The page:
How does fermented dairy, in particular, affect heart health?
Coronary heart disease (CHD) is a condition in which the blood supply to the heart becomes restricted, usually because of a buildup of fat in the arteries that carry blood to the heart muscle.
There is still a lack of consensus on whether consuming dairy is good or bad for a person's health. However, it is important to distinguish between different types of dairy, which may vary in their effects on long-term physical health.
The results of a new study by researchers from the University of Eastern Finland, which has campuses in Joensuu, Kuopio, and Savonlinna, suggest that consuming fermented dairy products may actually protect the heart. Such products include cheese, kefir, yogurt, quark, and sour milk.
The team's findings, which appear in the British Journal of Nutrition, indicate that men who consume fermented dairy have a lower risk of incident CHD than men who prefer non-fermented dairy products.
Fermented dairy linked to lower risk
This research was part of the ongoing Kuopio Ischaemic Heart Disease Risk Factor (KIHD) Study. In their current project, the scientists studied associations between incident CHD and the consumption of different types of dairy product.
The team analyzed the data of 1,981 men aged 42–60 years who joined the KIHD study in the years 1984–1989. None of the participants had CHD at baseline, and they all provided details on their dietary habits when they joined the project.
Over an average follow-up period of 20 years, the participants reported 472 cardiovascular events relating to incident CHD.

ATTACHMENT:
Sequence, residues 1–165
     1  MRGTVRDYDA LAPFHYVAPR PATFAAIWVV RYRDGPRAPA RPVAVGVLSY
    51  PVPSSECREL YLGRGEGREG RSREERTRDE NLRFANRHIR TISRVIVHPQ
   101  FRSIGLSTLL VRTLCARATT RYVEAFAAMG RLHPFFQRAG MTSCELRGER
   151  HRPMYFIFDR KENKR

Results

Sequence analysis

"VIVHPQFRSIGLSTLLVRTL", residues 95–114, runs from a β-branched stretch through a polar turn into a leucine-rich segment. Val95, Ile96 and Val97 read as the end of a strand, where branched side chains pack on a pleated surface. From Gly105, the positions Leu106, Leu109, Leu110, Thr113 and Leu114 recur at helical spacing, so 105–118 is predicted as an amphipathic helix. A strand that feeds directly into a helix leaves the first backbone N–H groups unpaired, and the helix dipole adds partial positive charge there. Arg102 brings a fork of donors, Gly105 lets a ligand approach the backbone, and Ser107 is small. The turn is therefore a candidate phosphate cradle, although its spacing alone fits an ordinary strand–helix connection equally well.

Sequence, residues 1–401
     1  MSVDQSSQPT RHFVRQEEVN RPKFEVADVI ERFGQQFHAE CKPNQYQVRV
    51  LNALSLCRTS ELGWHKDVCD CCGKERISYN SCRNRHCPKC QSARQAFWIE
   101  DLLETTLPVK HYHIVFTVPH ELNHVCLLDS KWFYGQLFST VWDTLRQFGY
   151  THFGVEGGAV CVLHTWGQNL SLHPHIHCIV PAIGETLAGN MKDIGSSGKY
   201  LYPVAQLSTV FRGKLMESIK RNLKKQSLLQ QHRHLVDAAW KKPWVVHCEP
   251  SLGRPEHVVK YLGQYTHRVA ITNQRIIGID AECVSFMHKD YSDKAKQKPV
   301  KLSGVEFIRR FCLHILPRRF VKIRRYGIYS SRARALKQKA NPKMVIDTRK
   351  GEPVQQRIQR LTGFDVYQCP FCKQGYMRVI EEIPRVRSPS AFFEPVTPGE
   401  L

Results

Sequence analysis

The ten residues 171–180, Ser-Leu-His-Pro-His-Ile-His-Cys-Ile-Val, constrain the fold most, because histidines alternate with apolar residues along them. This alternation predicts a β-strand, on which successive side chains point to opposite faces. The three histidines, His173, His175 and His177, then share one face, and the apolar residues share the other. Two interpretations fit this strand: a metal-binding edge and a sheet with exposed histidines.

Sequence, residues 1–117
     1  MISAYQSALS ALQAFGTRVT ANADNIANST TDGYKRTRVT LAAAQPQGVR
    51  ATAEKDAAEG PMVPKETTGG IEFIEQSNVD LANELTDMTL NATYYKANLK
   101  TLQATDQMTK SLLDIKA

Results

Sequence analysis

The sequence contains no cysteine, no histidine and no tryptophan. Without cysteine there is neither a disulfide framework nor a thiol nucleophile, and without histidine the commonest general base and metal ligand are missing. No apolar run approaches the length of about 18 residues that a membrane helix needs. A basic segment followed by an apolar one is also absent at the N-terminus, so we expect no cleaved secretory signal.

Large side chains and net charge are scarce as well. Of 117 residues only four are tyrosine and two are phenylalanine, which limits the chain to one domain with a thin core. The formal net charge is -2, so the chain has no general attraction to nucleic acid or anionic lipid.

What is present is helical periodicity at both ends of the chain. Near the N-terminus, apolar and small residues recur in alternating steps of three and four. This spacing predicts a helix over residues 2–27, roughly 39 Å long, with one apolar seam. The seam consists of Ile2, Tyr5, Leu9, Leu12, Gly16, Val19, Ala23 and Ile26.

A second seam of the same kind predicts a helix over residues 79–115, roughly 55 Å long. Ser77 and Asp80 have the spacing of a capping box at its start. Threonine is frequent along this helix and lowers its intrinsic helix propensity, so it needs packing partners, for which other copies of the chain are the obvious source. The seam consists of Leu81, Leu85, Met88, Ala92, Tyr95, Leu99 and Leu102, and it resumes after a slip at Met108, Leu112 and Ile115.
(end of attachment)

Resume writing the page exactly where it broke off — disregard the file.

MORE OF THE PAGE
To determine how the consumption of dairy products might influence the participants' risk of CHD, the researchers divided them into different groups depending on their dietary intake of various fermented and non-fermented dairy foods.
Among the men who consumed fermented dairy products with less than 3.5 percent fat content, those in the highest consumption group had a 27 percent lower risk of CHD compared with those in the lowest consumption category.
The researchers also observed that the most widely consumed low-fat fermented dairy product was sour milk, and that eating high-fat fermented dairy foods, such as cheese, did not appear to sway CHD risk one way or the other.
Milk tied to higher risk of CHD
At the same time, the team found that people who consumed a lot of non-fermented dairy products, of which regular milk had the greatest use, had a higher risk of incident CHD.
More specifically, those who had a very high intake — referring to an average of 0.9 liters of milk per day — were the most vulnerable to heart disease.
However, there was no association between low consumption of non-fermented dairy products and a heightened risk of CHD.
"Here in Finland, people's habits of consuming different dairy products have changed over the past decades," notes study co-author Jyrki Virtanen, adding:
"For instance, the consumption of milk and sour milk have declined, while many fermented dairy products, such as yogurt, quark, and cheeses, have gained in popularity."
Although the researchers cannot yet confirm the underlying mechanisms that are possibly at play in these associations, they speculate that certain compounds that form during the fermentation of milk-derived products may have a protective cardiovascular effect.